The smoker itself needs to be off the ground a bit so that there can be some air flow. There were lots of choices of course, including actual terra cotta pot stand things, but that seemed a little classy for me. I found these bricks for $0.49 each - which was good because by the time I got this the point where I was going to buy these, I was way over budget. And they match the pots pretty well, too.


Then I remembered that since there would be wood burning, it might be a good idea to have a fire extinguisher nearby.


That's the bottom half of the smoker, put on the bricks. See, this is not rocket science here. The terra cotta pots are the 16" size, which I picked because of the grill that fit inside best. Also, they were a little more than I thought they would be, around $22 each.


That's a $10 burner I got at Walgreen's. The best reason to go with bigger pots would be that the burner would probably fit inside better. This is a 1000 watt model, which is the minimum that is going to provide enough heat. If there was a 1500 watt one, I would have used it. As you can see, I ran the cord out of the bottom hole of the pot.


That's some wood in a heavy duty pie pan on top of the burner. You can't use those flimsy metal pie tins, as they will likely melt, which could wreck your whole thing. Plus - yuck, I don't think you want to eat that stuff. So I knew I had to have a pretty heavy duty pie tin. The wood you see there is Wild Cherry wood, which is nothing special really, I got a bag of it from the Co-op for $10. THERE IS NOT ENOUGH WOOD ON THAT PAN IN THIS PICTURE. I realized later that piling the wood on was a much better idea. It was hard getting it to be hot enough otherwise.


Then I put the grill on (after I turned the burner on of course). The fit was perfect, which is why I had decide on this size of pot. That's actually the bottom grill from a full size Weber, the one that the coals are normally placed on. It could not have fit in the smoker better.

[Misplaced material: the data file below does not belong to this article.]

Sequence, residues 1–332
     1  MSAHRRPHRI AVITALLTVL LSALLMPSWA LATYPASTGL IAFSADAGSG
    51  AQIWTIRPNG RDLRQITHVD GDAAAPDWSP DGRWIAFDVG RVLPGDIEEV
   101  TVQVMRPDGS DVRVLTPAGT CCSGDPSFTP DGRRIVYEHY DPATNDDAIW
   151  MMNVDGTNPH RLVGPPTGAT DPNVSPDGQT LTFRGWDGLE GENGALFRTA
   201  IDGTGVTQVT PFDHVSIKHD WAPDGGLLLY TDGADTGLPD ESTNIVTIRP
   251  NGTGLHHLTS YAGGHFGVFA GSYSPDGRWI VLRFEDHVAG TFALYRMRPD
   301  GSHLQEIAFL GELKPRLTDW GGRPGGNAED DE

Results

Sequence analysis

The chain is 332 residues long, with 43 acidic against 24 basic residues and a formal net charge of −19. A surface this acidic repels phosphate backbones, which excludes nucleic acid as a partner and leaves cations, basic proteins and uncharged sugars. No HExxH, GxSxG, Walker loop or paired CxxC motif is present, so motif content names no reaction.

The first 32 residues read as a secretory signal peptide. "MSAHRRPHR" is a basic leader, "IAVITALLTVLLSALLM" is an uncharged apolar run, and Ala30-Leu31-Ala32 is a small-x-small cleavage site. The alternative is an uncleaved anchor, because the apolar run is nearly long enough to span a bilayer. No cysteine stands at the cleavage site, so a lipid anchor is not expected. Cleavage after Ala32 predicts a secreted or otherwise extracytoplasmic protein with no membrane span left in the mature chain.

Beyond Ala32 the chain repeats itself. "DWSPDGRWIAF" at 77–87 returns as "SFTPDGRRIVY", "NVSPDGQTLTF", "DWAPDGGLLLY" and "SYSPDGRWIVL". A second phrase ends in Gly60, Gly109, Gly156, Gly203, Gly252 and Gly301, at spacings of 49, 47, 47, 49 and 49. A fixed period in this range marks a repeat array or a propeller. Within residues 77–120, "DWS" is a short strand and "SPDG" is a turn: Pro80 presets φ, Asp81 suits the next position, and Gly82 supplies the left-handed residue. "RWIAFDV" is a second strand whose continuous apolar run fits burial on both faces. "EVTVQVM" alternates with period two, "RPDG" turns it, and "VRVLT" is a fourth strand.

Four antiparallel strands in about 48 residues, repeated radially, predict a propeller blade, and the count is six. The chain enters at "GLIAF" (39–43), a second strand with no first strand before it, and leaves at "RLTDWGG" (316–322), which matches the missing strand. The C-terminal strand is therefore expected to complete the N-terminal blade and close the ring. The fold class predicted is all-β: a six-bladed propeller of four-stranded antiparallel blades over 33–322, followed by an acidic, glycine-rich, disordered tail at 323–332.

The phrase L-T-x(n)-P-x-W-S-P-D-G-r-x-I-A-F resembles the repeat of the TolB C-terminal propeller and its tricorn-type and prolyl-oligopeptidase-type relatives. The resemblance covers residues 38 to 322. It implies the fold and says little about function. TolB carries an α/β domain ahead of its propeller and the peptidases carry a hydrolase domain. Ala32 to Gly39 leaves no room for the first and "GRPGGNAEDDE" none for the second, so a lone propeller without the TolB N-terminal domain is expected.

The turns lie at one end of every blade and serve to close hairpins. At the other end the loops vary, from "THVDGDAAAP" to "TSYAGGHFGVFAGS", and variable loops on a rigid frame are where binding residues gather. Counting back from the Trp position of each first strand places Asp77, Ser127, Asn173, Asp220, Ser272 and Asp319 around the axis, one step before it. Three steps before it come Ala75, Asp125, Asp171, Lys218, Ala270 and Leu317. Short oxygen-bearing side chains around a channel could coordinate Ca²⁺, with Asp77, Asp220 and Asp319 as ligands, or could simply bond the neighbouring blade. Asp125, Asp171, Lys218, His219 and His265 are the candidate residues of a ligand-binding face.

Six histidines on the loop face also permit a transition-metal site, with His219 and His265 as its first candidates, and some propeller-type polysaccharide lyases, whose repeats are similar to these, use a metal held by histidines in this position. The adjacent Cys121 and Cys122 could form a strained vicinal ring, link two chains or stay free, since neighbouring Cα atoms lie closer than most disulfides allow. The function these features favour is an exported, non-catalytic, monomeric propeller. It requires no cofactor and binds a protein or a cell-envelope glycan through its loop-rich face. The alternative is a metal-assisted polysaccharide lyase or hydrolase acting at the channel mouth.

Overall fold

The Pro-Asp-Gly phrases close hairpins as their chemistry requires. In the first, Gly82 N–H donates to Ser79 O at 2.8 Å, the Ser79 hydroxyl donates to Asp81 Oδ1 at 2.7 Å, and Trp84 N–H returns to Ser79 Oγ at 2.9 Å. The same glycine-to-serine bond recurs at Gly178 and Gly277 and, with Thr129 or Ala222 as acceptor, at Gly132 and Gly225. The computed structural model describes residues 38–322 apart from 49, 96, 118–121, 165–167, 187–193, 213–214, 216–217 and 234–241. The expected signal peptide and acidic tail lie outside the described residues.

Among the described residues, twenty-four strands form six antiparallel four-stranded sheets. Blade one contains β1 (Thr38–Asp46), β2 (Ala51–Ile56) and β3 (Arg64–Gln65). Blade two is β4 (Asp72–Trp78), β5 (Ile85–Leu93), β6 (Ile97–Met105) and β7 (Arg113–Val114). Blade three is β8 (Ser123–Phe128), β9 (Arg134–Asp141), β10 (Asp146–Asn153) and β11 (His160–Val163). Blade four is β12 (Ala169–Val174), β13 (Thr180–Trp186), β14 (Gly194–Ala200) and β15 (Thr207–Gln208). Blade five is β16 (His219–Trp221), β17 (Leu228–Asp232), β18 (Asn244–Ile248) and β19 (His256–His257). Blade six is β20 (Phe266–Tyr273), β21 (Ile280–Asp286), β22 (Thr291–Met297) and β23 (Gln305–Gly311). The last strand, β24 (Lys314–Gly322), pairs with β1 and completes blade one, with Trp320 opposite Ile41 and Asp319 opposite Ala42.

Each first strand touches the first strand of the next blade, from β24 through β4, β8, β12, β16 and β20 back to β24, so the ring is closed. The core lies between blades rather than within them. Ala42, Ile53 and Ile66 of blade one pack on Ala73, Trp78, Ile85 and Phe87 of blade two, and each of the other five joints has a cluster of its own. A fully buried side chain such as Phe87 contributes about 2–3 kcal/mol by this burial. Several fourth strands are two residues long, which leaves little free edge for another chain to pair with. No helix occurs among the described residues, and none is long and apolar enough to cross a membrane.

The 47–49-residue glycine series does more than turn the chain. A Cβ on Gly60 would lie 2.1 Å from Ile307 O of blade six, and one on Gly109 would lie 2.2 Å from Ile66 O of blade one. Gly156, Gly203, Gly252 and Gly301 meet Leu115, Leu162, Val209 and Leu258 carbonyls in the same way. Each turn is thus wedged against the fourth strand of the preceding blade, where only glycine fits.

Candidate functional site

The last pieces were to put the other terra cotta pot on top, and plug the whole with the thermometer. That's a simple replacement thermometer, and it has a short stem on it. I don't think it is the most accurate reading possible, but it looks cool and it does cover the top hole. Although at $9, it was a little steep.


Feel the love. You know that feeling when you can't stop thinking about something for weeks and then you finally make it happen? That's the smile I get on my face when that happens to me. It was cool.



Now this is where things did get a little dicey. I had three overall concerns before I began this project:

  1. Don't burn the house down.

  2. Don't give myself a third degree burn playing with this stuff.

  3. Make sure the smoker is not too hot, thereby defeating the purpose of the slow-cooked barbecue.

It turns out that the biggest problem I encountered was none of the above. I actually hard a hard time getting the whole thing hot enough to cook on. I had no interest in giving my family salmonella poisoning, so I had planned on pre-heating the smoker to make sure that it could get hot enough, BEFORE I put any food on the grill.

Much to my amazement, the thermometer on the grill seemed to be stuck around 175 degrees (I was looking for at least 225). I turned up the burner all the way, and then Nicole suggested I put more wood on, which was a great idea. I put a nice tower of wood on there, and then things got going. But the thermometer never registered above 200.

It was definitely hotter than that in the grill, which was very good news. I had always figured that it would be hottest at the top of the smoker, but I am almost 100% certain that it was much hotter lower in the smoker, closer to the grill. The bottom terra cotta pot was very hot to the touch, and when I finally put some wings on to give it a try, they sizzled, so I knew it was working.

Now, on to the meat: